THE EDITOR: Sometime after the retirement of the late police commissioner Randolph Burroughs, he lamented that the present-day police had been handling crime too soft. In Grenada more than two decades ago, Prime Minister Eric Gairy, reflecting on the growing crime rate in his country, remarked, “Does it not take steel to cut steel?”
These remarks suggest that in order for both countries to experience a reduction in criminal activity there must be some degree of escalation in their use-of-force policy. But the police must be seen as exemplars as it relates to complying with our laws that are on the books unrescinded and still binding.
Contrary to the opinion of former commissioner “Bro B,” the handling of crime by the “present-day police” is above board. What is clearly in contention is the soft and petty gun control laws under which this country operates.
Currently the maximum sentence for gun possession is five years. One wonders what is the rationale for such sentencing. The death sentence is this country’s penalty for murder. However, should an offender be caught with the killer weapon in hand but is obstructed in his bid to discharge the weapon, shed blood, and take lives, his sentence is five years. He can also appeal that sentence and be granted bail as 120 days may have been passed while in prison awaiting his trial in court.
A country’s crime rate can be determined largely by the quality of and adherence to its gun control laws. The police’s intelligence-driven operations are in order. The anti-gang legislation seems to be working fine but, regrettably, our gun control laws are in shambles and void of any sting whatever. In addition there is nothing in place to serve as an effective deterrent to the possession and use of this killer weapon.
Using Singapore’s firearm laws as a pattern, this country would enjoy a significant decline in gun violence and a reduction in our murder rate, but due to that country’s stringent firearm laws this writer would not advocate for full and total emulation of its sentencing policies. Being found in possession of a firearm in that country carries the death penalty.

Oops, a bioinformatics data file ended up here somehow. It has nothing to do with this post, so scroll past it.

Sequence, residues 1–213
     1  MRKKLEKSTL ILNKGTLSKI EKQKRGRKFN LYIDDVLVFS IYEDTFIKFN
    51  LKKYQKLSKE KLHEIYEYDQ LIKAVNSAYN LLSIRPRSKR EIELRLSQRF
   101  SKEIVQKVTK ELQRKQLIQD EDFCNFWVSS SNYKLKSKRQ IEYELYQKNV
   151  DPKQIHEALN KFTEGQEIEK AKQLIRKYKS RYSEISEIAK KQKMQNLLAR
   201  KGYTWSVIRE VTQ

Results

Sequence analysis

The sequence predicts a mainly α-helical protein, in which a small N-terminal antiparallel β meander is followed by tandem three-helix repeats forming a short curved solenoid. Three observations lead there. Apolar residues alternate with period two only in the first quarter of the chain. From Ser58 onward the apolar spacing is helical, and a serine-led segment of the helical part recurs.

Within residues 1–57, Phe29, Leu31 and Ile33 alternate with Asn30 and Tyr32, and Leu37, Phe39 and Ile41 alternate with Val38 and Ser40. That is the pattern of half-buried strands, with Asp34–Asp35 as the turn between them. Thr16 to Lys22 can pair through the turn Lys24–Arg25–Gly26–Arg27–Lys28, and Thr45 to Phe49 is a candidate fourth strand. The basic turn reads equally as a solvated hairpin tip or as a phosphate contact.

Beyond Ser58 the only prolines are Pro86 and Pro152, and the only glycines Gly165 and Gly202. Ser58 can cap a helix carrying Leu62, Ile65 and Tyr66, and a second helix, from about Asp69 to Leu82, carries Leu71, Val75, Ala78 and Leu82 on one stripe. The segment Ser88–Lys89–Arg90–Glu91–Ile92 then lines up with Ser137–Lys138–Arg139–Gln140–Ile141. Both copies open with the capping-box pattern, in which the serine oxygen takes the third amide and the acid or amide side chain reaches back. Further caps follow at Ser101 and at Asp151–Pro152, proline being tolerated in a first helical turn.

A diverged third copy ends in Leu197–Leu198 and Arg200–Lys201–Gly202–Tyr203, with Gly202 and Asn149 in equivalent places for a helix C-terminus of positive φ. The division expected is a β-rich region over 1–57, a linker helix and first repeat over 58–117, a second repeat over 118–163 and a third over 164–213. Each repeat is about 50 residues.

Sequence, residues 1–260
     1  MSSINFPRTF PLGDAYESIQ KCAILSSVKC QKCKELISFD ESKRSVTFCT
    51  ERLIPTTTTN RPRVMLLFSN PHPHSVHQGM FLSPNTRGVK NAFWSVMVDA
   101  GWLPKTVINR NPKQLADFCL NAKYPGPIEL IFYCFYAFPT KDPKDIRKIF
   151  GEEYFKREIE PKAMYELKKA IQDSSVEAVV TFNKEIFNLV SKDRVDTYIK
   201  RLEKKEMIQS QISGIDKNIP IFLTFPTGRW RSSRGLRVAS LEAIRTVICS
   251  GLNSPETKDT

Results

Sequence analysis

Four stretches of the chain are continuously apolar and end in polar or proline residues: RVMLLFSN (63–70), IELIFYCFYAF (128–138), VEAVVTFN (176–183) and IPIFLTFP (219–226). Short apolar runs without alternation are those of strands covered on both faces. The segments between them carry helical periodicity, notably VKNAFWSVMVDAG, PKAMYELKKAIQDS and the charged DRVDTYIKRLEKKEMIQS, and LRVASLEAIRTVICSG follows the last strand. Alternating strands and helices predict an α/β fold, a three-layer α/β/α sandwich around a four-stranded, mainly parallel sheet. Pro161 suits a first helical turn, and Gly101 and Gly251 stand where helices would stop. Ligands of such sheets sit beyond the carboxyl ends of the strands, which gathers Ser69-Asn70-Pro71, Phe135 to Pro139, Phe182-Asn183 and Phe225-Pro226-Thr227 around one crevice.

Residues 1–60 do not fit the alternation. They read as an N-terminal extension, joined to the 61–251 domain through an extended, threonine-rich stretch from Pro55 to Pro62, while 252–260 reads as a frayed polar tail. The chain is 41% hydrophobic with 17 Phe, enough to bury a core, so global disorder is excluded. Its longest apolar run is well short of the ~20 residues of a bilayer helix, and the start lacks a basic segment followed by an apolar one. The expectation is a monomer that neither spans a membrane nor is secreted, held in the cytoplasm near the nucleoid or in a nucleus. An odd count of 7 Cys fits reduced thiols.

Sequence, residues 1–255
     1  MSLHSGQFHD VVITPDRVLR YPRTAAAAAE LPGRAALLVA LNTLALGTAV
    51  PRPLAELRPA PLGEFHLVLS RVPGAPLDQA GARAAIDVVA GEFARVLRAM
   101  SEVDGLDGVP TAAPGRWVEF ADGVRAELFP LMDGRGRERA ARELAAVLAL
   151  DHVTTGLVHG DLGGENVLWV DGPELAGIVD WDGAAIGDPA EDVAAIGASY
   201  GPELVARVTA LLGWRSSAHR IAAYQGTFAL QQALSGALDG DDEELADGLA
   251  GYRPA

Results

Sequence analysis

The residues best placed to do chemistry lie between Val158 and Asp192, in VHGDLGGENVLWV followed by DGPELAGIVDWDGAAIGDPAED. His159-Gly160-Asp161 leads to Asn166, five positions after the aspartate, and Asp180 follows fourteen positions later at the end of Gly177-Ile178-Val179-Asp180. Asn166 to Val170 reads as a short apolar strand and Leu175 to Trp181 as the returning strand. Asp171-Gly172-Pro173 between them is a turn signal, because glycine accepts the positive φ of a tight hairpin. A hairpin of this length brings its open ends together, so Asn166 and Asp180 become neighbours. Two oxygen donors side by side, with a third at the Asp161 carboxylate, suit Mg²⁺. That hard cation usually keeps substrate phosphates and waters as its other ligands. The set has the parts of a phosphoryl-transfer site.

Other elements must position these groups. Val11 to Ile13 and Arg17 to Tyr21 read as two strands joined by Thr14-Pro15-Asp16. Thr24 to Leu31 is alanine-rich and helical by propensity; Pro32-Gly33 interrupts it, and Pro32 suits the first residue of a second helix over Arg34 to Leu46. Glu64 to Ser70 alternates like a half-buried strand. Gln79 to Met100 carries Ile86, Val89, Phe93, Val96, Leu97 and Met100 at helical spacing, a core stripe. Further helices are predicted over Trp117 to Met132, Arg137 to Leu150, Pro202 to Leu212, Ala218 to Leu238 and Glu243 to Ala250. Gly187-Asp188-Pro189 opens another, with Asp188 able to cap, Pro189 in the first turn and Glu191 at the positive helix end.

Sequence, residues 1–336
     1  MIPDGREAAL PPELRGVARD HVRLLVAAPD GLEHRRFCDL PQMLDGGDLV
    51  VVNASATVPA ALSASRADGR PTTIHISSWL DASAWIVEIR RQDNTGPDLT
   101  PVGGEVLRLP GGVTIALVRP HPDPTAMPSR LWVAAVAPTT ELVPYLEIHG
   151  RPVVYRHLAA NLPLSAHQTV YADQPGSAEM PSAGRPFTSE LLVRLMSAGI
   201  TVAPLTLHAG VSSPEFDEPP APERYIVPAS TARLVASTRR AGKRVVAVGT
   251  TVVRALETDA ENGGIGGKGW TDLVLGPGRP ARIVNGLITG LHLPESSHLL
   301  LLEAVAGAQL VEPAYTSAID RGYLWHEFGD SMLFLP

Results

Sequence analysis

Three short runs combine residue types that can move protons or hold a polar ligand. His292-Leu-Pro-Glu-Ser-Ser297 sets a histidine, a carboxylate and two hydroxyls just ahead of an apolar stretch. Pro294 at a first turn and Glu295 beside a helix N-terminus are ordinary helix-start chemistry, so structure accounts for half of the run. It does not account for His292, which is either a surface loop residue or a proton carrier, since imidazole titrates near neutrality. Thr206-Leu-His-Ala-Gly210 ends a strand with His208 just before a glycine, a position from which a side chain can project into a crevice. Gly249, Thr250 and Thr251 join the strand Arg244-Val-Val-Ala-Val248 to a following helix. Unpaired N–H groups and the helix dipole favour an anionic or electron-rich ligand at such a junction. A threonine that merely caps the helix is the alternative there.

In TT a sentence of nothing less than 65 years should be imposed on any one found in possession of an illegal firearm. This proposed term of imprisonment is designed to serve not only as an effective deterrent but also as punishment that is commensurate with the gravity of the offence. A referendum should be held to determine whether this inflated sentence would sit well with the population.
One cannot expect a different result should we continue to do the same thing in the same manner repeatedly. Amendments to our laws are required so that gun possession, shooting at police and prison officers should now become totally unbailable.
In compiling the Holy Book of Laws there was divine inspiration and there is no similarity when drafting laws to govern countries with ethnic, social and other forms of diversity. The framers of such laws surely would have missed the target from time to time.
Praises and honest appreciation should be showered on today’s police team headed by Gary Griffith and to our dedicated prison officers headed by Commissioner Gerard Wilson as they strive to function under these harsh and adverse conditions.
We implore them to persevere and not cease to operate within the legal framework, anticipating that suitable amendments would soon be drafted to effect those changes in our laws so that TT can become a model nation leading the world with crime statistics that are at all times remarkably low.
DAVID C O’NEIL via e-mail